Watch: Prime Minister: 'We mourn with the Queen'
Mark Drakeford, first minister of Wales, said: "Throughout his long and distinguished life, he served the crown with selfless devotion and generosity of spirit.
“We offer our sincere condolences to Her Majesty Queen Elizabeth II, his children and their families on this sad occasion."
Ireland’s Taoiseach Micheal Martin posted on Twitter: “Saddened to hear of the death of HRH Prince Philip, Duke of Edinburgh.
“Our thoughts and prayers are with Queen Elizabeth and the people of the United Kingdom at this time.”
Mayor of London Sadiq Khan tweeted: “Today, we mourn the loss of an extraordinary man, who devoted his life to public service and helping others. I extend my deepest sympathies to Her Majesty The Queen and the entire Royal Family at this sad time.”
Scott Morrison, the Prime Minister of Australia, said in a statement: “For nearly 80 years, Prince Philip served his Crown, his country and the Commonwealth.
“His Royal Highness The Duke of Edinburgh was, in the words of Her Majesty, her ‘strength and stay’.
“He embodied a generation that we will never see again."
Prime minister of Canada Justin Trudeau said: "A man of great purpose and conviction, who was motivated by a sense of duty to others, Prince Philip contributed so much to the social fabric of our country – and the world.
"Prince Philip will be remembered as a decorated naval officer, a dedicated philanthropist, and a constant in the life of Queen Elizabeth II.
"The thoughts of all Canadians are with her and the entire Royal Family as they mourn this significant loss."
Former US president Barack Obama reflected on meeting him during a state tour, and said: "The Queen and Prince Philip immediately put us at ease with their grace and generosity, turning a ceremonial occasion into something far more natural, even comfortable.
"Prince Philip in particular was kind and warm, with a sharp wit and unfailing good humor. It was our first introduction to the man behind the title, and in the years since, our admiration for him has only grown. We will miss him dearly."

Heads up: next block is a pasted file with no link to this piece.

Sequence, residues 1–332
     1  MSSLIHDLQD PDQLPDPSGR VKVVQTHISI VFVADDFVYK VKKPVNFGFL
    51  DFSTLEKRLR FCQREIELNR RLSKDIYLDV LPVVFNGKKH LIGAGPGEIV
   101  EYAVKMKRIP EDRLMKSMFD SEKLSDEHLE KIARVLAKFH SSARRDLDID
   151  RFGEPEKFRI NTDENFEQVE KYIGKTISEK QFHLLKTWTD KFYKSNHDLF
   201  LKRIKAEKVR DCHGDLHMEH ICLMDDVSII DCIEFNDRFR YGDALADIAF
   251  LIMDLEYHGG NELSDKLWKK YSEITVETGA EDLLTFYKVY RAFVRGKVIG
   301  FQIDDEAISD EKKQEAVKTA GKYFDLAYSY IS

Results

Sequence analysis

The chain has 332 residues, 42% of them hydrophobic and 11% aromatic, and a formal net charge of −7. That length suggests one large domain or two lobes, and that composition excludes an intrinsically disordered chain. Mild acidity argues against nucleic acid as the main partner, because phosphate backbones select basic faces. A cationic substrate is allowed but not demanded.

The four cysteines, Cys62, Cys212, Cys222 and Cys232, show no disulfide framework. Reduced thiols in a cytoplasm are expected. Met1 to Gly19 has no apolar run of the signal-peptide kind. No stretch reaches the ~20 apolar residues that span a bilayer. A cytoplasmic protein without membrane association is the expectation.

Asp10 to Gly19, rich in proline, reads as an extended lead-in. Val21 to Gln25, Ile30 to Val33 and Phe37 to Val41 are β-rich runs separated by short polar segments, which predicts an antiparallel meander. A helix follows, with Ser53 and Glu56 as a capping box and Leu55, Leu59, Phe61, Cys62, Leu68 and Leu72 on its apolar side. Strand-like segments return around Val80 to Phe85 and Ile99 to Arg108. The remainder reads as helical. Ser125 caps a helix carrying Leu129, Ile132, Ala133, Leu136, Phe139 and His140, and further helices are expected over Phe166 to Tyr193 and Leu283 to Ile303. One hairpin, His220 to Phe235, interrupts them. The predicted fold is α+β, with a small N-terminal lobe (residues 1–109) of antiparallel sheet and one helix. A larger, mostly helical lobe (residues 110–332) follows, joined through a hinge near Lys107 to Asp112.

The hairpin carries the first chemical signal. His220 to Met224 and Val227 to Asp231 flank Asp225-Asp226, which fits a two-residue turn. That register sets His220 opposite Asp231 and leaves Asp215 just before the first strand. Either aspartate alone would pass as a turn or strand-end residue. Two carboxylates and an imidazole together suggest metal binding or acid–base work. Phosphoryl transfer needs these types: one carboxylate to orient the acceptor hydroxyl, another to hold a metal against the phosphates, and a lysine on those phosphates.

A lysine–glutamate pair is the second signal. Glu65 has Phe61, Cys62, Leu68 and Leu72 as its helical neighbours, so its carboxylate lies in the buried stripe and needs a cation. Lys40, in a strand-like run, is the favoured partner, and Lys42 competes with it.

It was confirmed on Friday afternoon that Philip would not have a state funeral, nor would he lie in state.
Philip will lie at rest in Windsor Castle ahead of a funeral at St George's Chapel, the same place where his grandson Prince Harry married in May 2018, as well as his granddaughter Princess Eugenie in October of that year.
The College of Arms confirmed: "The funeral arrangements have been revised in view of the prevailing circumstances arising from the COVID-19 pandemic and it is regretfully requested that members of the public do not attempt to attend or participate in any of the events that make up the funeral."
Prince Philip - who was often said to keep a firm grip over Royal Family affairs - retired from royal duties in 2017 aged 96.
Philip, who once described himself as the "world's most experienced plaque unveiler", was the longest-serving consort of a reigning British monarch.
He was the oldest-ever male member of the British Royal Family.
He made his final solo public engagement on 2 August 2017 when he met the Royal Marine Corp.
Born into the Greek and Danish royal families, Philip Mountbatten's education included a spell at Gordonstoun School.
He went on to join the Royal Navy and served with the Mediterranean and Pacific fleets in the Second World War.
He married the then Princess Elizabeth in 1947 and gave up his promising naval career when she became Queen in 1952, following the unexpected death of her father, King George VI.
Since then he has served tirelessly alongside the Queen, who was aged 27 at the time, carrying out thousands of appearances and engagements over nearly seven decades.
He also set up the Duke of Edinburgh’s Award scheme, which in the 1950s was designed to bridge a gap between leaving school and beginning national service.
Over the decades it’s been completed by millions of teenagers and operates in many different countries.
Philip stepped down from his public duties in August 2017 with the full support of the Queen. He did attend the weddings of his grandchildren Prince Harry and Princess Eugenie, in May and October 2018.
He also attended his granddaughter Princess Beatrice’s royal wedding in July 2020, during the coronavirus pandemic, and Lady Gabriella Windsor's in May 2019.
Philip and the Queen spent more time together than they had for some time during the coronavirus pandemic, living together at Windsor Castle for most of the year.
He had retired to Wood Farm on the Sandringham Estate but moved to be with his wife.
The Duke had faced a number of health scares in recent years after suffering from a bladder infection and a blocked coronary artery.
He also had abdominal and hip surgery in recent years.
He spent four days at King Edward VII hospital in London just before Christmas 2019, on the advice of his doctor and was discharged in time for the usual family celebrations in Sandringham.
In February 2021, he was admitted to the same hospital, on his doctor's advice, after feeling unwell.
It came after the duke had received the first coronavirus vaccine, and the palace said it was not linked to COVID-19.
He ended up spending four weeks in hospital, which was his longest ever stay, and included a procedure on his heart.
The duke was sent home from the private hospital to recuperate at home, but died in Windsor Castle about three weeks later.